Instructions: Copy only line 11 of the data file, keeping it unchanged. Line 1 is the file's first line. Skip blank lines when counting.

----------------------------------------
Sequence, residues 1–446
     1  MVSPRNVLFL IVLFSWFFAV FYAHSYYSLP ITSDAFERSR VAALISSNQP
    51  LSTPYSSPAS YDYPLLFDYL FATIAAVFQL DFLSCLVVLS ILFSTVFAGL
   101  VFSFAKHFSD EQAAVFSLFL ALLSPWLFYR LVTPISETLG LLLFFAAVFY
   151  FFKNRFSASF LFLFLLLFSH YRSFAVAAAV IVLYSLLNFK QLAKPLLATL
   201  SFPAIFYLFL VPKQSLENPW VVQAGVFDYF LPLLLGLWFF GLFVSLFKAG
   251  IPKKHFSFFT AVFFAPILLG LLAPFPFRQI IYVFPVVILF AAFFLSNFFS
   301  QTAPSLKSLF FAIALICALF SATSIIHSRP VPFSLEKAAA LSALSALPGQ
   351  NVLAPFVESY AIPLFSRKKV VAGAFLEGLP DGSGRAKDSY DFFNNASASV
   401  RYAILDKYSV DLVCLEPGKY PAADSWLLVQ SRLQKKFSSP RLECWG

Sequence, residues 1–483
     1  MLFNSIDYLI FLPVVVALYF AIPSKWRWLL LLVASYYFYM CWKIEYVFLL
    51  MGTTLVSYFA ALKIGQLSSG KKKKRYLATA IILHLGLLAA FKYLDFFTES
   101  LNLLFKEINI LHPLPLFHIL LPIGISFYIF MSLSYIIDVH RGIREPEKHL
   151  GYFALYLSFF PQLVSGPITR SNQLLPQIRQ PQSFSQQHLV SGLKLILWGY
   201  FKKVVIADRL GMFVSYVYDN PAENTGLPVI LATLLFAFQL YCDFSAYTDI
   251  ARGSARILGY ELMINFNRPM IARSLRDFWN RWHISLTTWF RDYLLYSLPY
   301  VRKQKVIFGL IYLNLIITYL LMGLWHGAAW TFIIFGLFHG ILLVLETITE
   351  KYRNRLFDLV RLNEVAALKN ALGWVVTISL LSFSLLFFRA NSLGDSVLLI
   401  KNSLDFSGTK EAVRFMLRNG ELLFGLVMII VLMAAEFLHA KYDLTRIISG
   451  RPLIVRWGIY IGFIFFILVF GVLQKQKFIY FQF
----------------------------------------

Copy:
Sequence, residues 1–483